Cells to Civilizations: The Principles of Change That Shape Life.
I would not have thought it possible to meaningfully connect bacterial evolution, the developmental differences between various zebra species, and Cezanne's work in the same book. However, in his new book, Cells to Civilizations, Enrico Coen has managed to do just that.
After a long and stressful school year, I was really looking forward to a relaxing summer with some light summer reading. However, when I saw the title of this book, it raised many questions in my mind and I decided to give the book a try. Although it was far from easy summer reading, this was worth the time I spent with it. The writing is clear and logical, the author's ideas thought-provoking and engaging. The examples that are used throughout the book to illustrate very complex ideas are really comprehensible and engaging.
Coen is a plant molecular geneticist based at the John Innes Centre in Norwich, United Kingdom. He is a fellow at the British Royal Society and a foreign associate of the U.S. National Academy of Sciences. His interests clearly include a fascination with and deep knowledge of art, judging by his book.
In Cells to Civilizations, Coen explains how evolution, development, learning, and human culture all change through a common recipe that is based on seven key principles. These are the principles of variation, persistence, reinforcement, competition, combinatorial richness, cooperation, and recurrence. These seven principles work together to form, as Coen calls it, "life's creative recipe," which is the "recipe that lies at the root of how life transforms itself." He also points out that there are the same type of interconnected feedback loops of reinforcement and competition that, in one form or another, fuel and move evolution, development, learning, and human culture ahead. These interconnected feedback loops can influence molecular processes as well as learning by living organisms and human culture.
I believe the strongest part of the book is the section on evolution. For me, a biology teacher, the first and second chapter really hit home. I was familiar with the topics and enjoyed learning about the explanation of evolution in the frame of the seven principles and the interconnected feedback loops. There are certainly some interesting ideas in the evolution section that we can take back to the classroom. In particular, Coen's approach to statistical analysis and population variation underscore the need for students of higher-level biology to apply statistics to understand biology better. The section on competition also gives us a great explanation on genetic drift. Both chapters 1 and 2 give us fresh views on natural selection.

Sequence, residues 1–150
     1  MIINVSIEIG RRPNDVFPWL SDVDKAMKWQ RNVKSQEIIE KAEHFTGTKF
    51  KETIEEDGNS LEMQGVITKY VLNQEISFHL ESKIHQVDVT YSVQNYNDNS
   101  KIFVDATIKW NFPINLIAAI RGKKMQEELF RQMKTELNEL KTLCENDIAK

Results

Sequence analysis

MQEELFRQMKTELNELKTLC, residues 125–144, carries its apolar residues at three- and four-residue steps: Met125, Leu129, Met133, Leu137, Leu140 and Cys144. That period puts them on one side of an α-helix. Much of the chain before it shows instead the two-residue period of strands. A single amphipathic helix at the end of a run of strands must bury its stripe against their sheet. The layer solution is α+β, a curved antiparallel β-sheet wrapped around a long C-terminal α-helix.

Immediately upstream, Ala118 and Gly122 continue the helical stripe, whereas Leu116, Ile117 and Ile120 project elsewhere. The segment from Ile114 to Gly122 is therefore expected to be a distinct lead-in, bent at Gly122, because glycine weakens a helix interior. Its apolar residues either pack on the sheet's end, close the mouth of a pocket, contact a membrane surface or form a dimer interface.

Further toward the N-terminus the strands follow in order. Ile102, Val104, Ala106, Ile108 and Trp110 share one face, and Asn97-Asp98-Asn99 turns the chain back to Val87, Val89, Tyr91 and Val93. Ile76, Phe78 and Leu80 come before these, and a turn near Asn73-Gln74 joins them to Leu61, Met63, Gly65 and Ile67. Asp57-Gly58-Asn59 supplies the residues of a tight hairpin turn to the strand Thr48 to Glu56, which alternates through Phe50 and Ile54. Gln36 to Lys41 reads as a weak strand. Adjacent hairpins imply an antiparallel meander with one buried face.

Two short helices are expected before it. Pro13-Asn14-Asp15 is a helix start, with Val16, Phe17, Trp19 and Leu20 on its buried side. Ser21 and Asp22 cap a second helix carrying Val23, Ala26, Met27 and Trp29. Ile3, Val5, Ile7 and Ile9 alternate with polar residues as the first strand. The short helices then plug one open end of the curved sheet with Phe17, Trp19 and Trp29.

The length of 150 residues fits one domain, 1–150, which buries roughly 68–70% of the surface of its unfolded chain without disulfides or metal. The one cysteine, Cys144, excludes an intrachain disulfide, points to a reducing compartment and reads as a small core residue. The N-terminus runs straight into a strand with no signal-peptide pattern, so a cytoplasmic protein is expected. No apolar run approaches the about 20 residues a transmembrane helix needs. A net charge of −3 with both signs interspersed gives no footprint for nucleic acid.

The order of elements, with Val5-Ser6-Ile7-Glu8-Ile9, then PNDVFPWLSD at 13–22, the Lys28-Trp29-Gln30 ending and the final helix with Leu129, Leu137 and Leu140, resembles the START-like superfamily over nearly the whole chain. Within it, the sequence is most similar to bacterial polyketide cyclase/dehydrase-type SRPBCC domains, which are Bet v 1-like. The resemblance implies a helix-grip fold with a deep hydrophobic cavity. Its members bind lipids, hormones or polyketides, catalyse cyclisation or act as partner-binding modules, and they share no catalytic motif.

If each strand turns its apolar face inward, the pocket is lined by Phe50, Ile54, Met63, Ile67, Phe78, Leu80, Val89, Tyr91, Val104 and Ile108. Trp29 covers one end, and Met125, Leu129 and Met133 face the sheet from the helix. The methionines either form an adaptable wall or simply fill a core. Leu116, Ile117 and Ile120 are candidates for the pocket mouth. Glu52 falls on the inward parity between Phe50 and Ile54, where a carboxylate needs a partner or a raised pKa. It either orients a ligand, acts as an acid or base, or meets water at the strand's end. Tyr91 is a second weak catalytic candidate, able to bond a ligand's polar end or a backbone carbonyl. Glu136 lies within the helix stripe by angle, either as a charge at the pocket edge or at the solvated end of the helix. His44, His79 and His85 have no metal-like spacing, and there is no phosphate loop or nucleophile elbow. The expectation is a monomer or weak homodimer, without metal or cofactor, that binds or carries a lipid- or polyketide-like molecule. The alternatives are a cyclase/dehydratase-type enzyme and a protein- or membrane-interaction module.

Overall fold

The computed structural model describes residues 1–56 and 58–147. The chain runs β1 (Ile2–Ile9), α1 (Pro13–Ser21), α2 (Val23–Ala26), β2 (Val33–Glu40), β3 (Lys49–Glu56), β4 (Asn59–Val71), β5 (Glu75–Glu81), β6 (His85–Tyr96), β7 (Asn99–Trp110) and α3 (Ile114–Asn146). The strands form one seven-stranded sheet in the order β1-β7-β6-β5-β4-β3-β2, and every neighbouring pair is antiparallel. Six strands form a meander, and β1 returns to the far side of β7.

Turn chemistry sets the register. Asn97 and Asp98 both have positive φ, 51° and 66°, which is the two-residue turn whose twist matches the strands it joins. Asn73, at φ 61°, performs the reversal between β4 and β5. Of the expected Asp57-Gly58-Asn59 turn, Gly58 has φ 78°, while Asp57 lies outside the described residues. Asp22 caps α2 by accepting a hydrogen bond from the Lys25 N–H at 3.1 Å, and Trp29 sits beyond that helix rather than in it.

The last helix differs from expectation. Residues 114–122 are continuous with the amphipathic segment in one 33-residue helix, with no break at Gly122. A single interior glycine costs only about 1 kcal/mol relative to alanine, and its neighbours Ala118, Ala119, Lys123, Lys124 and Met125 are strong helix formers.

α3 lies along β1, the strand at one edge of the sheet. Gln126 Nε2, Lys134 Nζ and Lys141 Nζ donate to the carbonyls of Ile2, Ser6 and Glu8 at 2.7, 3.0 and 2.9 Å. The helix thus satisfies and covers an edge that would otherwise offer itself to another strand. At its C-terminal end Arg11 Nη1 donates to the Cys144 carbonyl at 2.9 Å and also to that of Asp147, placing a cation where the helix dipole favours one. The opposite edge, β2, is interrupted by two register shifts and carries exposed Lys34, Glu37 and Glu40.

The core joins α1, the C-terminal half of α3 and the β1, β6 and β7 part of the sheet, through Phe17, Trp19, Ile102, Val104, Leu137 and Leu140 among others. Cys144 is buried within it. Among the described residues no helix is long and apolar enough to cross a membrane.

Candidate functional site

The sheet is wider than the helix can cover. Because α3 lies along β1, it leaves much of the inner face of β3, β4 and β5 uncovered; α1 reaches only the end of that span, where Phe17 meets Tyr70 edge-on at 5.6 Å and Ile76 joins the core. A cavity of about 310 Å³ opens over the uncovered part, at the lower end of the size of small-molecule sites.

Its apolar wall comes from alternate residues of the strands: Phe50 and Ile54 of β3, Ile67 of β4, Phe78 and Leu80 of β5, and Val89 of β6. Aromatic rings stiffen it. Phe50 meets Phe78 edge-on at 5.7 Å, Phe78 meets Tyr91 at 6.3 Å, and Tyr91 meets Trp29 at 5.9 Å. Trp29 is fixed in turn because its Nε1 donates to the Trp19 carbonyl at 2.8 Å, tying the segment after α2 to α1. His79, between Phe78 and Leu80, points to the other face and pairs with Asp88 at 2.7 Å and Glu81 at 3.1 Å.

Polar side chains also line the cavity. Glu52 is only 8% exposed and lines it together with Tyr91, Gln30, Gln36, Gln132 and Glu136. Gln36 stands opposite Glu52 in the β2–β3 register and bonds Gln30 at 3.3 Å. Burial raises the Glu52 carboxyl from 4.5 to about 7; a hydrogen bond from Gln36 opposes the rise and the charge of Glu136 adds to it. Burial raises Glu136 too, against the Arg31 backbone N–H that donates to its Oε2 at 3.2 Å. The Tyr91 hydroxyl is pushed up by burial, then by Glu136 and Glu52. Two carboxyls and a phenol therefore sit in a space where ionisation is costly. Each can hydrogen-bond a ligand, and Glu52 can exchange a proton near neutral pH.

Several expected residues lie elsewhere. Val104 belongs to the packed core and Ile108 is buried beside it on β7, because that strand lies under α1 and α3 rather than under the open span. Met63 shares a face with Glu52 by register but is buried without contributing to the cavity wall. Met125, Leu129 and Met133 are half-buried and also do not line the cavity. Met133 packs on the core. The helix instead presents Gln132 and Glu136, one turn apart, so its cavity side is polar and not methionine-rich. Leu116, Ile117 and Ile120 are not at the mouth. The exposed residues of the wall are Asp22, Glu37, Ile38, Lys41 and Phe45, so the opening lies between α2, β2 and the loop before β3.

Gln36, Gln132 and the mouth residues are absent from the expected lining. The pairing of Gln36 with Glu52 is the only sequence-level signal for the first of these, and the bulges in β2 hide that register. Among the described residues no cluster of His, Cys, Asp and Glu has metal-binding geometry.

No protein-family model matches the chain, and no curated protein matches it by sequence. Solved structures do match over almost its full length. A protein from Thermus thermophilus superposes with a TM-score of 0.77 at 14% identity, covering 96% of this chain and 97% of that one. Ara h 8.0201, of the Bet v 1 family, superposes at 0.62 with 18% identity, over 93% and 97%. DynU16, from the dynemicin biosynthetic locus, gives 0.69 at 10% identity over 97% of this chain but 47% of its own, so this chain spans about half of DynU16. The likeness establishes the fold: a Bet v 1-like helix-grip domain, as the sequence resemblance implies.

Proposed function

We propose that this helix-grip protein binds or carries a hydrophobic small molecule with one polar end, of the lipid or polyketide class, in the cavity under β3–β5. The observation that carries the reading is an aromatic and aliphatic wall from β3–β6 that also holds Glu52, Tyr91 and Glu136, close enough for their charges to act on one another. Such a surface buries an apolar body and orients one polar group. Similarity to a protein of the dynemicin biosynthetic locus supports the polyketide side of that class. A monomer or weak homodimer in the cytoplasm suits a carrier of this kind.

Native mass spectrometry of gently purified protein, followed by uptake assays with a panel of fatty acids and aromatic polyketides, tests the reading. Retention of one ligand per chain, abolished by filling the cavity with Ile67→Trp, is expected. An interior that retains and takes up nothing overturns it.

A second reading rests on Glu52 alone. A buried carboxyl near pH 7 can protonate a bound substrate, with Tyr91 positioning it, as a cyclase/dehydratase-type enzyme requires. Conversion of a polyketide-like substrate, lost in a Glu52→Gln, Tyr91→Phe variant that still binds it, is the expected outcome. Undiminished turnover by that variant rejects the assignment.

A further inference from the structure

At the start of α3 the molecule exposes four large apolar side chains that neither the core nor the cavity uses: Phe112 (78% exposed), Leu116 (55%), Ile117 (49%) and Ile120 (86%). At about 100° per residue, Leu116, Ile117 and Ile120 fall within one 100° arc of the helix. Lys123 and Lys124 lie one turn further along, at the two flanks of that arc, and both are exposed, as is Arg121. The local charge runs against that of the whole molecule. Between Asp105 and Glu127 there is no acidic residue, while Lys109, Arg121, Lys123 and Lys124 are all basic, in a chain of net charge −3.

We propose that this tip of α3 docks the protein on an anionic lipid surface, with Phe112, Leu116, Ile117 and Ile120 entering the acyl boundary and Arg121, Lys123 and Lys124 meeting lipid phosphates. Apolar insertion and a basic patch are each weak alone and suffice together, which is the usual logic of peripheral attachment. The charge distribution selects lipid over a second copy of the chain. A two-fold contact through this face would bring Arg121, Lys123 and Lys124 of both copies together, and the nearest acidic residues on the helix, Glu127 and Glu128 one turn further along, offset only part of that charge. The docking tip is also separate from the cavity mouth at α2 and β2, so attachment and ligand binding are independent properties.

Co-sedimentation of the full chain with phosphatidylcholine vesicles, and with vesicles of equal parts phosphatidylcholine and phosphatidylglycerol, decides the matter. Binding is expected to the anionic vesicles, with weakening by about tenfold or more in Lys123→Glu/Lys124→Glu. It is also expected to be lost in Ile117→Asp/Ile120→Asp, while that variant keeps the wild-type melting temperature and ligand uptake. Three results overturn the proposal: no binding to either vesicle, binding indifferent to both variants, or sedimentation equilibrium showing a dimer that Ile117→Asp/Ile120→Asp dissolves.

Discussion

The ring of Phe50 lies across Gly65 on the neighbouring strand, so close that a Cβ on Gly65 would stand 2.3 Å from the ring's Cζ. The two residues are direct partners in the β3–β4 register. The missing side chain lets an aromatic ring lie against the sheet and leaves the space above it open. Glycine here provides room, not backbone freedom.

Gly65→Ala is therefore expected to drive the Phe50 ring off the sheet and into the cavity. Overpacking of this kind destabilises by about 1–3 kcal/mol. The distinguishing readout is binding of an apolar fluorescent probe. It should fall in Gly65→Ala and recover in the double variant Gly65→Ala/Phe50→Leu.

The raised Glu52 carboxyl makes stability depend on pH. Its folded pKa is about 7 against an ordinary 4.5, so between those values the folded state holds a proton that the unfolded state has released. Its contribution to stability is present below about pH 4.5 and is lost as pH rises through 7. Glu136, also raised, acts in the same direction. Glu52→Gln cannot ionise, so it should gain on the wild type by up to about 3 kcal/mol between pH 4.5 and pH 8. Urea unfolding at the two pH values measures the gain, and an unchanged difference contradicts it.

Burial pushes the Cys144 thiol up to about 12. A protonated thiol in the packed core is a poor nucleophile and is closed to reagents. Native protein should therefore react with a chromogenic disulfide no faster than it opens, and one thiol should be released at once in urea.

My least favorite chapters were 8 and 9, which focus on how the development of learning follows the same seven principles as evolution and development. The example of the "neural eyes" of John and Mary was very confusing, and too detailed for the points that Coen wants to make. The section titled "A Question of Style" did not give me much useful information on how learning is connected to the main principles presented so clearly and logically earlier in the book. However, Chapter 11 on the "cultural recipe" again followed the logic of the previous chapters and was again educational and readable.
I am usually suspicious of papers that claim overarching scientific theories that are supposed to connect very distant ideas. Many of these kinds of papers force common principles on areas where none exist. However, I believe that Coen's idea of "life's creative recipe" certainly raises new questions and may yield to new scientific discoveries. Scientists could use the seven principles and the double feedback loop to guide their research and discoveries. Cells to Civilizations is a very approachable and thought-provoking reading for everyone involved in education and science.
High School Science Teacher
Aurora Schools, Ohio 44202
ELIZABETH COWLES, DEPARTMENT EDITOR
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|Publication:||The American Biology Teacher|
|Article Type:||Book review|
|Date:||Jan 1, 2013|
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